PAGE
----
For example, Nature Communications introduced this type of peer review in January 2016. Data shows that on average 60% of authors opt to have the review file published alongside the article. This practice is adopted more frequently by authors in the life sciences than in chemistry and physics.
2.3.Post publication peer review
The key requirement of post-publication peer review is that a first editorial decision is made to publish the manuscript, and that the peer review process follows. The established tradition of giving papers at seminars and conferences is a precedent, albeit one designed to enhance papers before submitting them for formal peer review. This model principally accelerates publication, but also means that the author must be confident, since any rejection of the paper would be publicly visible.
Notable examples include Copernicus Publications, especially the journal Atmospheric Physics and Chemistry (with Discussions), as well as ScienceOpen or F1000 Research.
Technical peer review focuses on determining if the submitted article is sound in method and results. Validity is prioritized and significance or originality is not a key criterion influencing the decision to publish or not. The objective is to accelerate publishing and lighten the responsibilities and workload of the reviewers. A notable example is PLoS One, which has nevertheless published articles with significant impact.
Cascading peer review is based on the principle of reviewing a submitted manuscript only once (if possible) and offering to the author(s) a suitable publication venue in a tiered structure. The Nature group of journals have been a notable example. The objective is also to accelerate publishing and reduce the review burden.
Results-free review means that in a first step the paper is evaluated only for its rationale and method, not the results. If the former is deemed suitable for publication, then this is offered in principle. In a second step, the results are reviewed too. Publication may only be rejected if the results deviate unjustifiably from the stated aims and methods. The objective of results-free review is to tackle bias in the reviewer process that results from looking at the results and their potential significance first and foremost.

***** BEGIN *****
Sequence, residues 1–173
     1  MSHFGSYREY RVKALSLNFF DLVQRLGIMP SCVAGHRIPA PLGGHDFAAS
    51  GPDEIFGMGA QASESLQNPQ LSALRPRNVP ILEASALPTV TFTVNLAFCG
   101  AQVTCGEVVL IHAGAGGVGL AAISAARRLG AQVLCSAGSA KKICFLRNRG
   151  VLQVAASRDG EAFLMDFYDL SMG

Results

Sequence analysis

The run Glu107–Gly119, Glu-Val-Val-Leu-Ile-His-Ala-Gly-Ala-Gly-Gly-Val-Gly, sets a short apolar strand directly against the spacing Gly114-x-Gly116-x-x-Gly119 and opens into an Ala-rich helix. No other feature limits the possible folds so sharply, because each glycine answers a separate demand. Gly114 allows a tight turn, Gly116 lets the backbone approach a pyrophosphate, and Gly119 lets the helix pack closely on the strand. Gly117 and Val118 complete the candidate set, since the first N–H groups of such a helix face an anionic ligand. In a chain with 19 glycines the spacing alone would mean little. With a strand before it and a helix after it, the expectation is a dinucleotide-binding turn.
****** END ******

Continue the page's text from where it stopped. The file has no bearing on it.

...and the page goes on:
More experiments are under way that include, for example, making peer review independent of the journal and providing it as a service; or automating parts of the peer review with the support of artificial intelligence, e.g. pre-checking manuscripts for authorship, permissions and plagiarism. Early evidence shows that machines pick up more detail than human reviewers.
4.More recognition and training?
Publishers seek to provide recognition and rewards for reviewers, which range from thank you notes to free subscriptions. Recently, more systematic efforts are made at mentoring and training reviewers. A mentoring pilot at BMC Medicine is set to determine if structured feedback from a mentor improves the quality of peer review reports produced.
More generally, recognizing and rewarding peer reviewers has become a priority for scholarly societies, publishers, and service providers. For example, societies publish lists of the most prolific and helpful reviewers; publishers give public credit and provide additional rewards; and service providers enable the collection of data on reviews and reviewers to enhance reviewer visibility and rewards. Further still, Publons is a start-up dedicated to publicly recognizing reviewers for their contribution, enabling reviewers to track and showcase their activities.
Overall, peer review has seen much experimentation around the issue of transparency, and much improvement in terms of efficiency and recognition.